What do you enjoy doing outside of work?

Being outdoors is the biggest thing. My girlfriend and I are big outdoors folks. We just picked up a Sprinter van last Friday that we’re going to convert. Super pumped about that.

Fly fishing is my passion. Just being in the mountains is good enough, but there’s something about being on a river and the beauty and the sort of quiet and solitude. That is really a big recharge for me. That’s something where I can come back and feel really energized to work on my business and go out and get clients and do all that kind of stuff.

We’re also big travelers. I love to experience new cultures. I love to see how people in different parts of the world are similar and different. And I like to eat, so I’m always interested in the local food. We recently went to Colombia and Mexico City. I love to find where the locals eat.

When we can travel again, what’s next on your list?

We were looking at going to Europe, but that got canceled. Since it will likely be a while until we can travel internationally, I really want to explore more of the US that I haven’t seen. That’s our focus right now, but we’d like to plan a trip to Peru. We want to do Machu Picchu. That’s pretty high on the list. And then hopefully, Asia. Maybe like Thailand or Vietnam.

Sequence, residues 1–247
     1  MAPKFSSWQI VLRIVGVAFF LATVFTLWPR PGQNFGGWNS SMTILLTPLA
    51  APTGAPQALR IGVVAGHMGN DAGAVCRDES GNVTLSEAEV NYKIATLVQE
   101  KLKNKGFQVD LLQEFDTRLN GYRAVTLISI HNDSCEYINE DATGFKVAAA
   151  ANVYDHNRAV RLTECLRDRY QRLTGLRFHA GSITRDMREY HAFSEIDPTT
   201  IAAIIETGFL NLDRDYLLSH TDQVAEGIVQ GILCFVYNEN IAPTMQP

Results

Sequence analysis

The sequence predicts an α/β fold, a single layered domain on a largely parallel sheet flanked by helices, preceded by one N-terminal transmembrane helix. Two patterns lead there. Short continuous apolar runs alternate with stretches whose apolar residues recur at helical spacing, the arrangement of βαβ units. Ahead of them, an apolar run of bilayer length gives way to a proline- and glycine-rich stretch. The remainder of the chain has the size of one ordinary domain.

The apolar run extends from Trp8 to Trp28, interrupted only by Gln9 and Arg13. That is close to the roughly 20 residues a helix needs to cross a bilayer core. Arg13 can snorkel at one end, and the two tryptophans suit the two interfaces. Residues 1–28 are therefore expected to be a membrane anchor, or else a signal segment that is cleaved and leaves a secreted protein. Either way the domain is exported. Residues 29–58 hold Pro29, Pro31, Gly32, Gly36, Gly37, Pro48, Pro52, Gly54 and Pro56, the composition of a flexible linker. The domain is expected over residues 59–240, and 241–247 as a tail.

What would be something that most folks would be surprised to learn about you?

I’ve been sober for three years now. While it’s not something I broadcast, it’s not something I hide either. Being a lawyer, the stress of it, and the American culture is very much surrounded by drinking. I never thought that I would be someone who had a problem, but I’ve dealt with anxiety since I was very young. It’s been a journey throughout the whole process and is something that I’m open about because I’m not the only one. The numbers are pretty clear. We all have felt like we’re the only person and there’s no one that we can talk to. So being more open in a safe space to talk about that kind of stuff is important. And if I can be a part of that, it helps me too. It goes back to helping others, which is really important to me.

Is there something you’ve found has been most impactful on your journey? 

I think the biggest thing is talking to people. It’s something that I can use as a common ground to say, “This is something I’ve struggled with personally.” It may not be the same struggle that you’re going through, but I can certainly understand how difficult life is. Life is not easy for anybody.